Having proven its comeback ability in its opening games, Mexico faced a different challenge against the Germans. Hernandez gave his country a 1-0 lead in the 47th minute, scoring against keeper Andreas Koepke, but Mexico found that protecting a lead was tougher than coming back. Veterans Jurgen Klinsmann and Oliver Bierhoff connected late in the game, Bierhoff with less than four minutes left in regulation, and the Germans ended Mexico's run.
North of the Border
In May, 2000, Hernandez signed a three-year agreement with the Los Angeles Galaxy. To remain under the salary cap, the Galaxy had to give up several starting players and pay Monterrey several million dollars. Hernandez was also allowed to play for a Mexican team during the season.
Still, Galaxy and league officials thought the move was a boon to soccer in Southern California, with its large Mexican fan base. (U.S.-Mexico games played there usually involve a mostly pro-Mexican crowd, and American players have likened it to playing an away game.) Ticket sales spiked, though Hernandez drew fire from the Mexican media for going to the U.S. Hernandez, who joined the league midseason, found the physical play in the MLS an adjustment. "I know that there is more passion, more passion in other leagues," he told Soccer Times through an interpreter. "There are leagues that let you play and enjoy soccer. Here it is very hard and strong and you need to be up to it." "I have to work and put myself in the groove of this type of soccer," he added. "I don't have time to feel sorry for myself, nor should I feel sorry for myself. [MLS] is another type of soccer, and I have to enjoy it."
|1968||Born December 22 in Poza Rica, Veracruz, Mexico|
|1988||Signs with Mexican pro team Necaxa|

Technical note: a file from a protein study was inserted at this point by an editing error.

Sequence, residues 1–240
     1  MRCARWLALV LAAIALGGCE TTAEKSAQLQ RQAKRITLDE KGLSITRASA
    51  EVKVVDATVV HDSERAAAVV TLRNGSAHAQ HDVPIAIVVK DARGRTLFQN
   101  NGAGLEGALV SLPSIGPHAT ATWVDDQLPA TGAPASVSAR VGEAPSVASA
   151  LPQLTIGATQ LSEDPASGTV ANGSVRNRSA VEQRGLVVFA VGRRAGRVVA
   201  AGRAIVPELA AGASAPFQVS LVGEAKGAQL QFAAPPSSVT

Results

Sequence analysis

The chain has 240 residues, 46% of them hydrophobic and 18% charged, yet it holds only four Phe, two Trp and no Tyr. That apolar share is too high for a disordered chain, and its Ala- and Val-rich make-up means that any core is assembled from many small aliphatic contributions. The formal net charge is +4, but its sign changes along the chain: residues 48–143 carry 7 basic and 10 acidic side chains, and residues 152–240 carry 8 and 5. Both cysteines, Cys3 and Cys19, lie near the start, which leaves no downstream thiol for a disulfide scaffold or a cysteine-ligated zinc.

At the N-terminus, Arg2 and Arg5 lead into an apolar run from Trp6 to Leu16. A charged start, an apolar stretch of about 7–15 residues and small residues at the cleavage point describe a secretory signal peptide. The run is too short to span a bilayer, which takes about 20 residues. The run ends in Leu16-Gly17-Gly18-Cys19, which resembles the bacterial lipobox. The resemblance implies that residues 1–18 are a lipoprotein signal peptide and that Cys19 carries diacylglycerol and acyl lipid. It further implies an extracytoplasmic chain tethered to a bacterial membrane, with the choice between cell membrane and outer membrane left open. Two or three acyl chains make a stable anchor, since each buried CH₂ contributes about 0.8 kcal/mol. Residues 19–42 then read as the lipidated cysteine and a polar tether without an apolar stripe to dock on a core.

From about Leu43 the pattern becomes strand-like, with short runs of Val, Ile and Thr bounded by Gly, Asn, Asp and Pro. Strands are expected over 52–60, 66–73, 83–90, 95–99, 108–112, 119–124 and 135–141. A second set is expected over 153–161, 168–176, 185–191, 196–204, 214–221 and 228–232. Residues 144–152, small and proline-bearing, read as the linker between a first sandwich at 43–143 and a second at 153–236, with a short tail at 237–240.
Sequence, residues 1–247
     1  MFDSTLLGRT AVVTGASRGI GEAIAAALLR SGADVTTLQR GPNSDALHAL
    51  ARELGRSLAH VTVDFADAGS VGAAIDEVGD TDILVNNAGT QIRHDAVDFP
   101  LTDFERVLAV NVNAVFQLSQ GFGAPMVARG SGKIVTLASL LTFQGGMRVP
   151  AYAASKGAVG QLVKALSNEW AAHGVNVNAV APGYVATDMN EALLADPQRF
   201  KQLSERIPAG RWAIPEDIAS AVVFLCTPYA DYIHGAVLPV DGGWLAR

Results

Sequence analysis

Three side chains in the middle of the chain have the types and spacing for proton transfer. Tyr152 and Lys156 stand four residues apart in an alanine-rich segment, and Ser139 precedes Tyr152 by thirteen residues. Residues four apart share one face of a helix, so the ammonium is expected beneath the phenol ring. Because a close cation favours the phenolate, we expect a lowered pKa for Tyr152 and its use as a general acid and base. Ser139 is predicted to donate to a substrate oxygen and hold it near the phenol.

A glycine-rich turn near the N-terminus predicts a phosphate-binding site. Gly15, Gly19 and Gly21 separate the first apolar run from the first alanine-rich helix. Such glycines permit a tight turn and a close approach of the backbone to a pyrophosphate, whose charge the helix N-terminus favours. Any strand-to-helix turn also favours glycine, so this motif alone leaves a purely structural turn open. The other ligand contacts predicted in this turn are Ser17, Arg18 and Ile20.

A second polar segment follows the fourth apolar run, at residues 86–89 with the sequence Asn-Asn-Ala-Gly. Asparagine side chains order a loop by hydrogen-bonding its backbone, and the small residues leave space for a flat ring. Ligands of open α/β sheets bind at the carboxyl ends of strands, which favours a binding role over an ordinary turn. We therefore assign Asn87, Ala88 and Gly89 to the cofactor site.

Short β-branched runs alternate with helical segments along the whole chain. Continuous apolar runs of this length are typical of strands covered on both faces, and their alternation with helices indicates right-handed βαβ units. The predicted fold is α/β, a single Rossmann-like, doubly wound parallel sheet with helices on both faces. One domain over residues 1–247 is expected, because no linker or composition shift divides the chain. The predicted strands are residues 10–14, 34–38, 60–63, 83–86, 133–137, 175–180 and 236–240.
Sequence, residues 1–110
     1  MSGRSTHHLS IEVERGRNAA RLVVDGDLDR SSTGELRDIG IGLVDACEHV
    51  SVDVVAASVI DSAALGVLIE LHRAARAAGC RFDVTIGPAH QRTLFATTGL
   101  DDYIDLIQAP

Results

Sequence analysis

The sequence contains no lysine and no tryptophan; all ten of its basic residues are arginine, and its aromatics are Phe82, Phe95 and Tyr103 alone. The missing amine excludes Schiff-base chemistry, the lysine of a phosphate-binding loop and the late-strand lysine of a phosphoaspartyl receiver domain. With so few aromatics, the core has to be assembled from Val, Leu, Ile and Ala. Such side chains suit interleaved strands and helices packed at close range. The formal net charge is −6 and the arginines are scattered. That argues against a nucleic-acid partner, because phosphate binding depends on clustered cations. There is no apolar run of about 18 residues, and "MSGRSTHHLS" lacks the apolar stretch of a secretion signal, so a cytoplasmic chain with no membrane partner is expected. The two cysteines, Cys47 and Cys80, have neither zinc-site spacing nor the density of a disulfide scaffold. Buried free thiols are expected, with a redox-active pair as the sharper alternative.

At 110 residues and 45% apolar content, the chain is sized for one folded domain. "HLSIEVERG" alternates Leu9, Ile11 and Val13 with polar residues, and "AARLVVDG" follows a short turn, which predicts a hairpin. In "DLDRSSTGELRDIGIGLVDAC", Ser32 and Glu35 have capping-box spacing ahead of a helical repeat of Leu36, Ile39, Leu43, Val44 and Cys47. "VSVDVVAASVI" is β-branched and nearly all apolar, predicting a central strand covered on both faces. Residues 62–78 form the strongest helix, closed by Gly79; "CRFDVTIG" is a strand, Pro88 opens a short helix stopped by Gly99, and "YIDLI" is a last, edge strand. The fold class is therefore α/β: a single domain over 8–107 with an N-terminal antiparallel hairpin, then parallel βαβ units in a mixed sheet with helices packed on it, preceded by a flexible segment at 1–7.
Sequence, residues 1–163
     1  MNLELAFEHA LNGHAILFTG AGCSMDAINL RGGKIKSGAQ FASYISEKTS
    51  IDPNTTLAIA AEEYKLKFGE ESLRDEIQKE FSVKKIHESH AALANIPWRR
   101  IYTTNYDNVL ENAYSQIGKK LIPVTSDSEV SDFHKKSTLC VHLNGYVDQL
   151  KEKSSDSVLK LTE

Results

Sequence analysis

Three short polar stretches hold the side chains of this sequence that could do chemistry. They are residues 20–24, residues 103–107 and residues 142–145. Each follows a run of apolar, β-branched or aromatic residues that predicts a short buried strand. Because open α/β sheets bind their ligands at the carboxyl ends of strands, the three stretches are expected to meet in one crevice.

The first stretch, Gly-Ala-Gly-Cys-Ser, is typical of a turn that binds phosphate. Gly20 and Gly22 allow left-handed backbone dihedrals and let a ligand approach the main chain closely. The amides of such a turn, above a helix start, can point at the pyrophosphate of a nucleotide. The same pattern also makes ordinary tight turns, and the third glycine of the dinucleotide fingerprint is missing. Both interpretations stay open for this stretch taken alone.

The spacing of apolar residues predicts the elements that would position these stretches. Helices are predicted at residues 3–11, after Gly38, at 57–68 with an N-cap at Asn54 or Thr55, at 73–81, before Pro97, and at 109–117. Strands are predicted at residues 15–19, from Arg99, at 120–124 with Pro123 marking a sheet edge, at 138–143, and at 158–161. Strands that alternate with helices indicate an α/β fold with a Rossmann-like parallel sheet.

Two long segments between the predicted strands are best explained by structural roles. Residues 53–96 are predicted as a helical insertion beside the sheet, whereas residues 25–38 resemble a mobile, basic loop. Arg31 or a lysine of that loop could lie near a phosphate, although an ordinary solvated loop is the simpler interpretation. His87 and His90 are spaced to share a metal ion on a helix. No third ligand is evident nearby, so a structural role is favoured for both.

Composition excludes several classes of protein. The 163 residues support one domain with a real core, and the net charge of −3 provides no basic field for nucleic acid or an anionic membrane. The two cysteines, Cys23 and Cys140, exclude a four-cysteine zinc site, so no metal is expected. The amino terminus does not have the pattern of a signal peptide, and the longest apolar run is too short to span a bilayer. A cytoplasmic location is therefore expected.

|1995||First international cap (February 1, vs. Uruguay)|
|2000||Signs with Los Angeles Galaxy of Major League Soccer|
|2002||Competes as reserve for Mexico in World Cup in South Korea and Japan|
|2002||Released by Mexican club America at start of Apertura (opening) season; signs with Veracruz Red Sharks for 2003 Clausura (closing) season.|
Hernandez, however, contributed little in his two years with the Galaxy. Robert Wagman, in Soccer Times, assailed Hernandez for lack of commitment and urged the Galaxy to sever ties after the star striker failed to show for the CONCACAF Champions Cup in January, 2001, in which the Galaxy and Washington's D.C. United competed. "Hernandez is being paid a small fortune, an amount vastly out of proportion to the minimal contribution he has made to the Galaxy, either on the field or by drawing fans to games from the team's large Hispanic fan base," Wagman wrote. "MLS strongly believes it must have a big-name Mexican player on the Galaxy to keep faith with the fans, and have thrown handsome sums to the likes of Herndandez, Carlos Hermosillo and Jorge Campos, only to turn a blind eye to the liberties that these players have taken at the expense of the Galaxy and the league." The Galaxy and Hernandez parted company after the 2001 season.
One More World Cup